By Kristen Hays
HOUSTON, Jan 3 (Reuters) - Shipments of petroleum on U.S. railroads rose more than 46 percent in 2012 as shale oil producers put record amounts of crude on trains to overcome pipeline capacity constraints.
Petroleum products were the fastest growing cargo category for major U.S. railroads last year and analysts expect oil producers to further expand their use of trains in 2013 as pipeline constraints are far from overcome.
Aided by hydraulic fracturing techniques U.S. oil producers have unlocked huge volumes of crude from shale formations but have struggled to get the oil to market due to limited infrastructure.
U.S. crude output jumped nearly 1 million barrels per day last year to a near 20-year high, but much of the new production comes from places like North Dakota where there is little pipeline capacity.
Although rail shipments are very costly, the infrastructure to load crude oil onto trains can be built quickly and cheaply, unlike pipelines which can take years to develop.
Total petroleum shipments exceeded 540,000 carloads in 2012, up from 370,000 carloads in 2011, according to the Association of American Railroads.
Another report released by the AAR last month forecast crude-by-rail shipments for 2012 would come in at more than three times the number of carloads moved in 2011.
Major U.S. freight railroads carried 66,000 carloads of crude in 2011, up from only 11,000 carloads in 2009. By the third quarter of last year, daily shipments of crude oil were exceeding 500,000 barrels per day, roughly equivalent to the output of OPEC’s smallest member, Ecuador.
If growth patterns hold, crude by rail could “easily” blow past 600,000 barrels per day by early 2013, AAR said.
Dismissed by some observers as a transient phenomenon when rail movements of crude oil first emerged as a significant development in North American oil markets a few years ago, recent market activity suggests big players are betting the phenomenon will continue.
Oil marketer and shipper Plains All-American Pipeline LP paid $500 million last month to buy four operating rail terminals for crude oil shipment.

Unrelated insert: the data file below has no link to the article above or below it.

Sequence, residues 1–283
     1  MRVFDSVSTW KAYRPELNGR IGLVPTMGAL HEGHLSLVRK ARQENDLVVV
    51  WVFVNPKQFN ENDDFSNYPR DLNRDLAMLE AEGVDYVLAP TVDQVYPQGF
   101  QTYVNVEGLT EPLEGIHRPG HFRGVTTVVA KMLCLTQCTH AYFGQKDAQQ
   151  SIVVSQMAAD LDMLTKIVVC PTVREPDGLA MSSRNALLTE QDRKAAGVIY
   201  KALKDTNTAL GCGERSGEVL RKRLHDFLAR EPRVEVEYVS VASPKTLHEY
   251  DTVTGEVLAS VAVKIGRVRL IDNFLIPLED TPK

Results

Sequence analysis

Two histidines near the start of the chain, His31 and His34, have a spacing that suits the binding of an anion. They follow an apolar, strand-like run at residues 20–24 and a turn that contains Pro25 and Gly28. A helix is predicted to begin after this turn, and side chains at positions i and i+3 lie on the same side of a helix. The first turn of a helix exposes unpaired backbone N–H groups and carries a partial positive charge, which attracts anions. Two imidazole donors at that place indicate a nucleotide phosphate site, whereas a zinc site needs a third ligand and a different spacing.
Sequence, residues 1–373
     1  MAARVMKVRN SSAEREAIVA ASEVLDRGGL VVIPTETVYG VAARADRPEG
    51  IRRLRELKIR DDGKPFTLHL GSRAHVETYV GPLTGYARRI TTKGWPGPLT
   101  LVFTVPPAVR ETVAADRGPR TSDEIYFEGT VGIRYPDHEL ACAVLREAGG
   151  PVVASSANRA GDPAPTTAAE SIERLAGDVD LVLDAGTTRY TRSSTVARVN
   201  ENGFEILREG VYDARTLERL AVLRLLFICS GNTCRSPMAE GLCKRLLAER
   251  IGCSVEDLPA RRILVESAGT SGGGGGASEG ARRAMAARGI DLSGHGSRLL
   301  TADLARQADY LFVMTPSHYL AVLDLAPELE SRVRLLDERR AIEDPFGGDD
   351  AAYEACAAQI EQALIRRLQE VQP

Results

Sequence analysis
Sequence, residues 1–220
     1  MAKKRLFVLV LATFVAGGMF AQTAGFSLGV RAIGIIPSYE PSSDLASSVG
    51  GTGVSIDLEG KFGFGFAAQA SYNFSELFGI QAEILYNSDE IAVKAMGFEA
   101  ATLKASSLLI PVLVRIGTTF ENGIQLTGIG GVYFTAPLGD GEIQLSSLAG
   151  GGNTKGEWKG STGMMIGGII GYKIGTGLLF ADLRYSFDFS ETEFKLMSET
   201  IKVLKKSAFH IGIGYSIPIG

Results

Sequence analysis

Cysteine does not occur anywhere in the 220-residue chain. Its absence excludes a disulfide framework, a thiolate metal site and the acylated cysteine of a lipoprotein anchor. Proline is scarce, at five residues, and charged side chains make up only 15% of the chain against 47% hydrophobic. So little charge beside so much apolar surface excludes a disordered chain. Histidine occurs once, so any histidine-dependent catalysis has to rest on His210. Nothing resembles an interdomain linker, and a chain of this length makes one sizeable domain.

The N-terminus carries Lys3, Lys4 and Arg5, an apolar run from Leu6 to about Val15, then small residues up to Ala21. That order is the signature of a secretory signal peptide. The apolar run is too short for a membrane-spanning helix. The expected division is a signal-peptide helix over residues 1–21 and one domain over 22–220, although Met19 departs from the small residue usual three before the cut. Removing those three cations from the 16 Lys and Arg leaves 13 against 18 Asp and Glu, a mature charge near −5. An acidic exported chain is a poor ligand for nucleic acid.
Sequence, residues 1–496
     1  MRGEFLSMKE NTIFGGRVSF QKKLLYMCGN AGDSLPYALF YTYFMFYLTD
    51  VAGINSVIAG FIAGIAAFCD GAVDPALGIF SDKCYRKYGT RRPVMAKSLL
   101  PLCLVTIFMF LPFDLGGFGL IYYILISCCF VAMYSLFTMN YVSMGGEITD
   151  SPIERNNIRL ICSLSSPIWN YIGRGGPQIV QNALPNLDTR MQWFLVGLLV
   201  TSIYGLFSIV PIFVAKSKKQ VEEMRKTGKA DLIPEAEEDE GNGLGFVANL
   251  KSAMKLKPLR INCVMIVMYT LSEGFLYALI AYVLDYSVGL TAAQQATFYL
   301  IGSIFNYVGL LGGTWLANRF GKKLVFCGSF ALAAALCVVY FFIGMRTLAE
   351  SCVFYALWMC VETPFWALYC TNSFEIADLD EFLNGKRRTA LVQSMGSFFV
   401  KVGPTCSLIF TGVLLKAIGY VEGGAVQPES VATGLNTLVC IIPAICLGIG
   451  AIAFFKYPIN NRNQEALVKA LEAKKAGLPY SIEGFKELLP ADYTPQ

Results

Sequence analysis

Growing rail shipments of oil have also eased some of the pain for railroads from rising U.S. natural gas output, another facet of the shale revolution, which is cutting into electric utilities’ demand for coal.
Coal shipments on major U.S. railroads fell nearly 11 percent in 2012 to 6.03 million carloads.
Hydraulic fracturing techniques also require large amounts of sand and other material that is being moved by trains, which further offsets some of the losses in the coal cater gory.
BNSF Railway, owned by Warren Buffett’s Berkshire Hathaway , is the biggest mover of crude by rail, largely thanks to its foothold in the Bakken shale oil play in North Dakota and Montana.
John Miller, BNSF’s vice president of sales for industrial products, told Reuters in an interview that the company has gone from moving about 5 percent of Bakken output two years ago to nearly half today.
“It’s been incredible growth, and that’s spurred strengthening of the infrastructure we have,” Miller said.
By the end of the third quarter last year, about 430,000 barrels per day of crude moved out of North Dakota’s Bakken shale play by rail, up from nearly nothing in mid-2010, according to the North Dakota Pipeline Authority.
Miller said BNSF touches all the shale plays across the western United States, but rail in the Bakken play is much further along than others in development rail efficiencies.
“You’ll see development in the other shales as well, but they don’t seem to have the speed or the depth that the Bakken does - at least not yet,” he said.
Rail shipments to the Gulf Coast may shrink once pipelines move more crude into the region from the glutted U.S. crude futures hub in Cushing, Oklahoma, or the booming Eagle Ford shale and Permian Basin in Texas.
Enterprise Products partners LP and Enbridge Inc’s jointly owned Seaway pipeline is slated to start moving 400,000 bpd of crude from Cushing to the U.S. Gulf Coast next week, unveiling the first of two expansions on the line that was reversed last year.
The second expansion involves building a new parallel pipeline that will up shipments to 850,000 bpd by early 2014.
However, these developments are unlikely to spell the end of rail movements.
“A pipe goes from A to B. Rail is more flexible. If prices are higher somewhere else, send the train there,” said Rusty Braziel, president of consultancy RBN Energy LLC in Houston.
Refiners on the East and West coasts increasingly are tapping rail because inland crude’s discount to other global crudes makes crude-by-rail profitable despite transportation costs that can reach the mid-teens.
Last September Tesoro Corp began moving up to 40,000 bpd to a new offloading facility at its 120,000 bpd refinery in Anacortes, Washington.
Tesoro is also processing up to 5,000 bpd of Bakken crude at its 166,000 bpd refinery in Martinez, California.
Rival Phillips 66 is buying 2,000 railcars, with deliveries starting early this year, to increase shipments to its coastal refineries in New Jersey and Washington.
BP Plc is also seeking permits to build an offloading facility by spring of 2014 to bring up to 60,000 bpd of oil to its 225,000 bpd Cherry Point refinery in Blaine, Washington.
And PBF Energy aims to lease thousands of railcars to move cheaper inland U.S. and Canadian crude to its Delaware and New Jersey refineries.